gal, Priesthood facerdotal ; all which had respect unto the * Messias, as the scope of all the throughout Prophets, and the complement of their prophecies, as the Lord of the their generatiTemple, and the end of all the Sacrifices for which the Temple was erected, as

ons: and therea

emple was erected, as fore after this the heir of an eternal Priesthood after the order of Melchizedeck, and of first anoi the Throne of David, or an everlasting Kingdom. Being then the Se- they shall need

no more, only paration was to cease at the coming of the Mesias, being that could the fucceffors not cease so long as the Administration of that people stood, being that in ihe HighAdministration did consist in those three functions, it followeth that those ?

followerb that there priesthood Mall

that those reiterate the three were to be united in the person of the Mesias, who was to unction : from make all one, and consequently that the Christ was to be Prophet, Priest whence the.

Priest that is and King.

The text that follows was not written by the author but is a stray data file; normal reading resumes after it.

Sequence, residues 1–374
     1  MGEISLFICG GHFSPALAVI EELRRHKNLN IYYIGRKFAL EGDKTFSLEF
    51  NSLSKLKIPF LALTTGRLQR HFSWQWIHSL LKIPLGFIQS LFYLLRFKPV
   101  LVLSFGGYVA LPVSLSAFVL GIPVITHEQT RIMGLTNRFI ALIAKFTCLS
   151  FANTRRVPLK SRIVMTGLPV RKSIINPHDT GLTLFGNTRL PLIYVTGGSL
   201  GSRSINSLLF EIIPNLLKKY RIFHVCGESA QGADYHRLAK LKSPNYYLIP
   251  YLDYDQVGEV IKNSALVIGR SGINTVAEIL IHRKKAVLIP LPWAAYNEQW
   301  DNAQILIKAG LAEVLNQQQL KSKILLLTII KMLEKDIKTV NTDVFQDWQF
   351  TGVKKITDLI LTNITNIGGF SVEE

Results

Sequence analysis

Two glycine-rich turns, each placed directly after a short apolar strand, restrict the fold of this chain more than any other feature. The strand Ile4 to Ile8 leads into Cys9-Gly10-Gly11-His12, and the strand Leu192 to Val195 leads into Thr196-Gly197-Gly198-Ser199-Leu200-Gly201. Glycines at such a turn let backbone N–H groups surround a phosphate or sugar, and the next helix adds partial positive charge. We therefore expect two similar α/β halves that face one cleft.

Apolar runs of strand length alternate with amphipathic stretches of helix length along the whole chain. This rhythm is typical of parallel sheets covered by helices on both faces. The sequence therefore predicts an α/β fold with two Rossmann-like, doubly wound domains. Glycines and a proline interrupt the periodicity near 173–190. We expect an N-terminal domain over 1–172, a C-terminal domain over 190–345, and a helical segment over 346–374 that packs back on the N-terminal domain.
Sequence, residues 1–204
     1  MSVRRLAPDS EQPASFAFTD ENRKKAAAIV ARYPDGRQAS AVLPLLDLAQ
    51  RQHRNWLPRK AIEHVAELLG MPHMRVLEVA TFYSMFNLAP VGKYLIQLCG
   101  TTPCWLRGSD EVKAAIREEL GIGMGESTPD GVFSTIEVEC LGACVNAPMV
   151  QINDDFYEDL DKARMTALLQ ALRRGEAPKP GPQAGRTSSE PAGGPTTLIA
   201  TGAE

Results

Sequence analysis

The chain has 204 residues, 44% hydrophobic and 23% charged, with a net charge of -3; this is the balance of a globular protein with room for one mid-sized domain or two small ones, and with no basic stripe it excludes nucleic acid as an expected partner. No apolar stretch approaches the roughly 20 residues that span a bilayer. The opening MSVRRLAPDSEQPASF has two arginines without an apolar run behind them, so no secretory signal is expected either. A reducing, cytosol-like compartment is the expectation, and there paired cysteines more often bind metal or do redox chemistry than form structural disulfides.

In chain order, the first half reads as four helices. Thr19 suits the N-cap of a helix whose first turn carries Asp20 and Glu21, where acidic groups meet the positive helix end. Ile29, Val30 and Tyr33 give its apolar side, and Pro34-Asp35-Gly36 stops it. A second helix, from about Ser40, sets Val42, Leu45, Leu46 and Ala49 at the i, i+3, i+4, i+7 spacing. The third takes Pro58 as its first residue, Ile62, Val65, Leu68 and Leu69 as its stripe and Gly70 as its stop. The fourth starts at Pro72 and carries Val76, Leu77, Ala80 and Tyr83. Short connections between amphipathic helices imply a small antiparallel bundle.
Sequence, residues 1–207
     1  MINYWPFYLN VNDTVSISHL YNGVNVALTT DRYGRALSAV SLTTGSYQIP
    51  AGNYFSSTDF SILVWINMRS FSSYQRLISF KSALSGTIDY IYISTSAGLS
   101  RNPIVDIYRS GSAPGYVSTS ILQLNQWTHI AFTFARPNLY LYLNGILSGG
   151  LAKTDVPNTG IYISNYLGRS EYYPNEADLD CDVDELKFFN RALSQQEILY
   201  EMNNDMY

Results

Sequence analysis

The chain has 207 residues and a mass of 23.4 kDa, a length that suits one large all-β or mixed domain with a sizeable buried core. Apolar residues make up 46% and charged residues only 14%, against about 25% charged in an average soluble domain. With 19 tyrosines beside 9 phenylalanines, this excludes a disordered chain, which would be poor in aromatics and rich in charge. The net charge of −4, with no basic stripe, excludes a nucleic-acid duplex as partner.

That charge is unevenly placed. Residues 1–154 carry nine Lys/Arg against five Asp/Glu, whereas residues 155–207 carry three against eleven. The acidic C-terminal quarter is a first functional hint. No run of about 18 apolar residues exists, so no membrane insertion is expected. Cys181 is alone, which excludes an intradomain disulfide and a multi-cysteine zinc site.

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terwards liga nified the High-Priest, as Lev. 4. 3. ID 70727 Lxx. o sexreçois o rexerolía by way of explication, whereas verséine sth and the 16th of the same chapter, and 6. 22. they render it a bare transation, oispois o Xerros' which by the vulgar Latin is translated, Sacerdos qui jure patri succederet, because no other but the Son which succeeded the Father in the office of the High Priest was afterwards anointed : as the Arabick & fimiliter Sacerdos successor de filiis suis. For in the anointing of Aaron and his sons, 3772 772 IN 1) INN nown) 127917 15: 7750 9972 07 271900 N20 % nwm Levi Ben. Gerfon i Kings 1. † As Lactan. Erat Judæis ante præceptum ut sacrum conficerent unguentum, quo perungi pofsent ji qui vocabantur ad sacerdotium vel ad regnum l. 4. c.7. And S. Aug. Prioribus Veteris Testamenti temporibus ad duas solas personas pertinuit unctio, Enarr. 2. Psal. 21. Christus vel Pontificale vel Regium nomen eft. Nam prius & Pontifices unguento chrismatis consecrabantur & Reges. Ruff. in Symb. , * I Kings 19. 15, 16. Tõro to xeronumeni jóvov 'Αρχιερούσι παραδοθώαι, αλλα και τοίς μ ταύτα προφήταις και βασιλεύσιν, οίς και αυτοίς τέτω χείεα μόνον εξον ώ τω μύρων. Eufeb. Demonft. Evang. l. 4. c. 15. Hist: 1. 1. c. 4. Wherefore S. Auguftine recolletting a place in his 83 Questions, in which he had taught the two fishes in the Gospel, duas illas personas fignificare quibus populus ille regebatur, ut per eas confilioruin moderamen acciperet, regiam scilicet & facerdotalem, ad quas etiam sacrosancta illa unetio pertinebat, makes this particular Retractation ; Dicendum potius fuit, maxime pertinebat, quoniam unctos aliquando legiinus & Prophetas. Retract. b. 1. c. 26. * où jóvos ä сeg to's áçxiegwowin telopen pelios Xensã xalexécurt was' 'Eocgious' ovora, άλλα και τας βασιλέας ες και ώτες, σνούμαι θάω προφη κρίoνες, ακονικές τινας Χρισες απεργάζονο: ότι δη και αυτοί και το μόνο και αληθές Χρισέ, τ8 ξ πάντων βασιλέον7G- 9άς λόΓε, βασιλικής και αρχικής εξουσίας τες τυπες δι εαυτών έφεραν,